# The Law of Cosines

The Law of Cosines (also called the Cosine Rule) is very useful for solving triangles:

It works for any triangle:

 a, b and c are sides. C is the angle opposite side c

Let's see how to use it in an example:

### Example: How long is side "c" ... ?

We know angle C = 37º, and sides a = 8 and b = 11

 The Law of Cosines says: c2 = a2 + b2 − 2ab cos(C) Put in the values we know: c2 = 82 + 112 − 2 × 8 × 11 × cos(37º) Do some calculations: c2 = 64 + 121 − 176 × 0.798… More calculations: c2 = 44.44... Take the square root: c = √44.44 = 6.67 to 2 decimal places

## How to Remember

How can you remember the formula?

Well, it helps to know it's the Pythagoras Theorem with something extra so it works for all triangles:

 Pythagoras Theorem: a2 + b2 = c2 (only for Right-Angled Triangles) Law of Cosines: a2 + b2 − 2ab cos(C) = c2 (for all triangles)

So, to remember it:

• think "abc": a2 + b2 = c2,
• then a 2nd "abc": 2ab cos(C),
• and put them together: a2 + b2 − 2ab cos(C) = c2

## When to Use

The Law of Cosines is useful for finding:

• the third side of a triangle when we know two sides and the angle between them (like the example above)
• the angles of a triangle when we know all three sides (as in the following example)

### Example: What is Angle "C" ...?

The side of length "8" is opposite angle C, so it is side c. The other two sides are a and b.

Now let us put what we know into The Law of Cosines:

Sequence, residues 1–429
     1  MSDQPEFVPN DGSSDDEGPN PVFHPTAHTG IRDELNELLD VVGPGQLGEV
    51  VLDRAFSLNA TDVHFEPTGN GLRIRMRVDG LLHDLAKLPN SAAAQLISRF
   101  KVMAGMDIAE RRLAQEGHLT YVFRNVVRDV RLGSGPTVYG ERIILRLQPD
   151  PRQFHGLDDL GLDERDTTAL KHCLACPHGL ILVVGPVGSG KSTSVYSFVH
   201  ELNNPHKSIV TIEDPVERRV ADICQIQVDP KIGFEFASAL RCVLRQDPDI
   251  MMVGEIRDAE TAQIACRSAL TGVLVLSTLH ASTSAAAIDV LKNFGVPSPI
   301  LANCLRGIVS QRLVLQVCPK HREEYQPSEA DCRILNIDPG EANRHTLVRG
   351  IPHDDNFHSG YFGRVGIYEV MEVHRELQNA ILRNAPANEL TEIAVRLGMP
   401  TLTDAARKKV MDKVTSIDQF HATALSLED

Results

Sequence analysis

Start with: c2 = a2 + b2 − 2ab cos(C) Put in a, b and c: 82 = 92 + 52 − 2 × 9 × 5 × cos(C) Calculate: 64 = 81 + 25 − 90 × cos(C) Now we use our algebra skills to rearrange and solve: Subtract 25 from both sides: 39 = 81 − 90 × cos(C) Subtract 81 from both sides: −42 = −90 × cos(C) Swap sides: −90 × cos(C) = −42 Divide both sides by −90: cos(C) = 42/90 Inverse cosine: C = cos-1(42/90) Calculator: C = 62.2° (to 1 decimal place)

## In Other Forms

### Easier Version For Angles

We just saw how to find an angle when we know three sides. It took quite a few steps, so it is easier to use the "direct" formula (which is just a rearrangement of the c2 = a2 + b2 − 2ab cos(C) formula). It can be in either of these forms:

cos(C) = a2 + b2 − c2 2ab

cos(A) = b2 + c2 − a2 2bc

cos(B) = c2 + a2 − b2 2ca

### Example: Find Angle "C" Using The Law of Cosines (angle version)

In this triangle we know the three sides:

• a = 8,
• b = 6 and
• c = 7.

Use The Law of Cosines (angle version) to find angle C :

 cos C = (a2 + b2 − c2)/2ab = (82 + 62 − 72)/2×8×6 = (64 + 36 − 49)/96 = 51/96 = 0.53125 C = cos-1(0.53125) = 57.9° to one decimal place

### Versions for a, b and c

Also, you can rewrite the c2 = a2 + b2 - 2ab cos(C) formula into "a2=" and "b2=" form.

Here are all three:

But it is easier to remember the "c2=" form and change the letters as needed !

As in this example:

### Example: Find the distance "z"

The letters are different! But that doesn't matter. We can easily substitute x for a, y for b and z for c

 Start with: c2 = a2 + b2 − 2ab cos(C) x for a, y for b and z for c z2 = x2 + y2 − 2xy cos(Z) Put in the values we know: z2 = 9.42 + 6.52 − 2×9.4×6.5×cos(131º) Calculate: z2 = 88.36 + 42.25 − 122.2 × (−0.656...) z2 = 130.61 + 80.17... z2 = 210.78... z = √210.78... = 14.5 to 1 decimal place.